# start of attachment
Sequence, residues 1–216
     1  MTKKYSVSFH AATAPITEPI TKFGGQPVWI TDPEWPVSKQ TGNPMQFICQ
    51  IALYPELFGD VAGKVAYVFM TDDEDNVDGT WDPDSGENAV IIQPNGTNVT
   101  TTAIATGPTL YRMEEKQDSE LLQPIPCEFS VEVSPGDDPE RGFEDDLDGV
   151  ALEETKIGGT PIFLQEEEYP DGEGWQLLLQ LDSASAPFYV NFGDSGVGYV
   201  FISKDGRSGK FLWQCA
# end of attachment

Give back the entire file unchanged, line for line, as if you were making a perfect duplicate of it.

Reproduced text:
Sequence, residues 1–216
     1  MTKKYSVSFH AATAPITEPI TKFGGQPVWI TDPEWPVSKQ TGNPMQFICQ
    51  IALYPELFGD VAGKVAYVFM TDDEDNVDGT WDPDSGENAV IIQPNGTNVT
   101  TTAIATGPTL YRMEEKQDSE LLQPIPCEFS VEVSPGDDPE RGFEDDLDGV
   151  ALEETKIGGT PIFLQEEEYP DGEGWQLLLQ LDSASAPFYV NFGDSGVGYV
   201  FISKDGRSGK FLWQCA